“I didn’t do it because I am bloodthirsty. It was jihad. I thought, at some point these Shiites would convert or leave the city. I’m not a butcher. I was carrying out a plan.” Abu Abdullah thus provides a handy capsule explanation of the jihadist agenda: the bloodshed is not carried out for its own sake, but to compel the survivors to toe the line, drop their “heretical” or “apostate” or “Infidel” practices, and become pious Sunni Muslims. Despite the clarity and rationality of his explanation, however, Western analysts will almost certainly discount it as unimportant, as they have already decided that Islam has nothing to do with all this.
“Inside the mind of an ISIS suicide bomb plotter: Unrepentant mastermind whose explosives killed hundreds of innocent people insists ‘I am no butcher… it was jihad,'” by John Hall, MailOnline, July 16, 2015:
A explosives expert who killed hundreds of people on behalf of the the Islamic State terror group in Iraq has refused to apologise for his crimes, saying: ‘I am no butcher…it was jihad’.
Speaking from a high security prison in the capital Baghdad where he is held, the terrorist named Abu Abdullah described in detail how he would order ISIS fighters to carry out suicide bombings.
The Islamic extremist, who is in his late 30s, speaks about the atrocities with a chilling calm that prison guards say proves he is a ‘level-headed fanatic’ – precise and methodical in his organisation of scores of atrocities carried out while he was serving as ISIS’ head of suicide attacks planning.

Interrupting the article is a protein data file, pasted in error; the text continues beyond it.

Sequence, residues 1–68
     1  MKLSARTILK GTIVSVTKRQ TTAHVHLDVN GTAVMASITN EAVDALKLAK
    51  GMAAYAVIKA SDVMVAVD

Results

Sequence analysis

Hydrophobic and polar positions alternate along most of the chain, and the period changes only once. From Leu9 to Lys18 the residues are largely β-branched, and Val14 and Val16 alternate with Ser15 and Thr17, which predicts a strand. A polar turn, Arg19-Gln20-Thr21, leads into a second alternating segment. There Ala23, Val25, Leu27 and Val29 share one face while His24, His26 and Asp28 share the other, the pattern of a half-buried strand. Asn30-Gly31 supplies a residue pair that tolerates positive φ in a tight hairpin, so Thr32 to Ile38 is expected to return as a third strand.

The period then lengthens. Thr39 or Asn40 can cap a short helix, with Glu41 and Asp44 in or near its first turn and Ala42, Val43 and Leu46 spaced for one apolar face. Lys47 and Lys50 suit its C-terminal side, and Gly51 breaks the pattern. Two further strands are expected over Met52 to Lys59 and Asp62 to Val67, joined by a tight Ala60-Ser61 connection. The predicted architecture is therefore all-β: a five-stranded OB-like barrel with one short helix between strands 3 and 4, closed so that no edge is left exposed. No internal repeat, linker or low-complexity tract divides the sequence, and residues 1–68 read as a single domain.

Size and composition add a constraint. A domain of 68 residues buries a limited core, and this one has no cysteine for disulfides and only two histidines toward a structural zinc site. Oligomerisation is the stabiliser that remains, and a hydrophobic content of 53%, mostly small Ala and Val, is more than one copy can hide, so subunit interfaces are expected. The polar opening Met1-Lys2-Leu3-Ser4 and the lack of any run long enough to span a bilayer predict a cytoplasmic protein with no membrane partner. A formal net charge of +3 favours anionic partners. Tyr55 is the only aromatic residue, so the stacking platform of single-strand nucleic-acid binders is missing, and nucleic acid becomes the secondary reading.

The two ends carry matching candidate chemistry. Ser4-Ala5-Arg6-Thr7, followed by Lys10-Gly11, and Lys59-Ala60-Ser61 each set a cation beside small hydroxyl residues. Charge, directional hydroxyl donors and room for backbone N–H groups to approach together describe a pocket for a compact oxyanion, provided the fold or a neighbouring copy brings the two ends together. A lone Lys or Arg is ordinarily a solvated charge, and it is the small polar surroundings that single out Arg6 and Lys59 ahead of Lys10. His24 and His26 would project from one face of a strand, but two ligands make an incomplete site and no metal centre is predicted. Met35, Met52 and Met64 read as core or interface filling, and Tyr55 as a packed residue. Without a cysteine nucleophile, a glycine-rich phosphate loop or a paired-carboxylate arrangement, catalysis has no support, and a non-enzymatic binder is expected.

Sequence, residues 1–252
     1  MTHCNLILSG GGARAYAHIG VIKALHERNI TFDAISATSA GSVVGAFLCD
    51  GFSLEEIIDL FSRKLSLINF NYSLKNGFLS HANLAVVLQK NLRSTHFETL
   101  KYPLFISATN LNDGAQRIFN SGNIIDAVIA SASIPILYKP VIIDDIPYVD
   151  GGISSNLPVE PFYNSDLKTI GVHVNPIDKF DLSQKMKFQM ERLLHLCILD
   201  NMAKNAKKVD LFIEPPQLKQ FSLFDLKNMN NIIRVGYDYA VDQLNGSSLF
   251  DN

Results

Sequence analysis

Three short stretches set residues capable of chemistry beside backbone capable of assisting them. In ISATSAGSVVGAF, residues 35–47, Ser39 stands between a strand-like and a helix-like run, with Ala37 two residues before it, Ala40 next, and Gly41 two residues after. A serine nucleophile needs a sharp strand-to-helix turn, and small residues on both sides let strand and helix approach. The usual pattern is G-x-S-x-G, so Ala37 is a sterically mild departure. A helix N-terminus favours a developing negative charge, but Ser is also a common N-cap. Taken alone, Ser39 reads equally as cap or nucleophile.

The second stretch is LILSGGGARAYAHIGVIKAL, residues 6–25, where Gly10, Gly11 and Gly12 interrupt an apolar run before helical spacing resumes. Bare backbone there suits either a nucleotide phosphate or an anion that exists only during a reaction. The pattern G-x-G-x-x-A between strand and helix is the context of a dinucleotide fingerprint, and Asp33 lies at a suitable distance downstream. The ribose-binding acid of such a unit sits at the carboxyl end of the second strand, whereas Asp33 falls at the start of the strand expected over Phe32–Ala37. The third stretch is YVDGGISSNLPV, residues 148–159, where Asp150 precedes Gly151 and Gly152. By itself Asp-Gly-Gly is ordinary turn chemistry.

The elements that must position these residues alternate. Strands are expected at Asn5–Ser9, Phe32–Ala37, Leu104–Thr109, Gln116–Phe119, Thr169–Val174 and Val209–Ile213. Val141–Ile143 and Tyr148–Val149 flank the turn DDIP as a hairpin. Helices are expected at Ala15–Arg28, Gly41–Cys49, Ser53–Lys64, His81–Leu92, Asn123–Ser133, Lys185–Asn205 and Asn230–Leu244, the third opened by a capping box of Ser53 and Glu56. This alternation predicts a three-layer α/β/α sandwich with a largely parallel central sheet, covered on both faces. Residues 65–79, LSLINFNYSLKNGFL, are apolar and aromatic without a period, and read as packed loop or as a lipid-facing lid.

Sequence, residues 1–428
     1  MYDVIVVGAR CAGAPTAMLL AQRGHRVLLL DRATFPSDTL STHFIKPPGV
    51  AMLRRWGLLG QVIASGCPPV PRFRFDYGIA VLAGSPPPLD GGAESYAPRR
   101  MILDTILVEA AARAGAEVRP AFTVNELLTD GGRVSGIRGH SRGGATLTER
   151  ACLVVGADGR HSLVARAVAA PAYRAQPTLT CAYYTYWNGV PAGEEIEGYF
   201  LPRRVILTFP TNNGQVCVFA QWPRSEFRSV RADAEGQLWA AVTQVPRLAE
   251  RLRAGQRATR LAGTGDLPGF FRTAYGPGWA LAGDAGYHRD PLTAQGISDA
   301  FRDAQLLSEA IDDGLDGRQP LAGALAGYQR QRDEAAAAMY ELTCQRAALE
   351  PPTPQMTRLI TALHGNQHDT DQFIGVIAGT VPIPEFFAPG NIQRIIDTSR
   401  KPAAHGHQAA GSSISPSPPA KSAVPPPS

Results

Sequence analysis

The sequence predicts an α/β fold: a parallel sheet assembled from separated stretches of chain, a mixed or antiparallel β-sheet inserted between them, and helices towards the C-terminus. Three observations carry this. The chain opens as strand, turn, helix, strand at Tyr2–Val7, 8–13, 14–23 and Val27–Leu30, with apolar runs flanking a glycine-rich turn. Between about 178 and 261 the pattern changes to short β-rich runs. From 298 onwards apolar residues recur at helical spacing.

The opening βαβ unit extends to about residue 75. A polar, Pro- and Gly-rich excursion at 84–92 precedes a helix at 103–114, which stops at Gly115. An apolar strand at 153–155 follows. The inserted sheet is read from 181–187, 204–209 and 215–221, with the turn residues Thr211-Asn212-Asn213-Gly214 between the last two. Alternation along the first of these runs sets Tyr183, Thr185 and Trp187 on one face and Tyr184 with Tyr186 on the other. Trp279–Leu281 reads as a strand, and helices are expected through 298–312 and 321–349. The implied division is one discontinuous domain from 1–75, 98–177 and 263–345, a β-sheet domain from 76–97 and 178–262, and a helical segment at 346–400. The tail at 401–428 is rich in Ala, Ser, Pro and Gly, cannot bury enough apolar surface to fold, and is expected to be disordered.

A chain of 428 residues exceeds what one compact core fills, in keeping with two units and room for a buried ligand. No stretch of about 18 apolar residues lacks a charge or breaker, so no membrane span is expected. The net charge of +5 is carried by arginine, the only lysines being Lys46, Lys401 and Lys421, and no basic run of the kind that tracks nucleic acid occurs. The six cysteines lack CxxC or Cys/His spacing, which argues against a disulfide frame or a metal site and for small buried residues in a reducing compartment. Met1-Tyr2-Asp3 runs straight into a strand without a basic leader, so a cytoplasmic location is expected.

Abu Abdullah is now understood to be cooperating with the Iraqi regime to reveal the inner workings of the bloodthirsty terror group led by Abu Bakr al-Baghdadi.
But although he is now a reluctant part of efforts to degrade and eventually destroy ISIS, he remains unrepentant about his past life organising attacks on police officers, soldiers and Shia mosques.
‘I didn’t do it because I am bloodthirsty. It was jihad. I thought, at some point these Shiites would convert or leave the city. I’m not a butcher. I was carrying out a plan,’ he told Germany’s Spiegel.
Speaking of his role, Abu Abdullah said: ‘I was only responsible for the last part of the operation, and that meant preparing the men in my workshop and then bringing them to the right location.’
‘I received the person’s measurements in advance from the leadership in order to be able to make a well-fitting belt. But I always had belts in different sizes prepared.’
The ISIS militant revealed that he had lost count of the number of mass murders he’d helped to plan during the 18 months he served as ISIS’ head of suicide attacks, but boasted of developing a range of techniques as he experimented to maximise his explosive belts’ power and capacity to kill….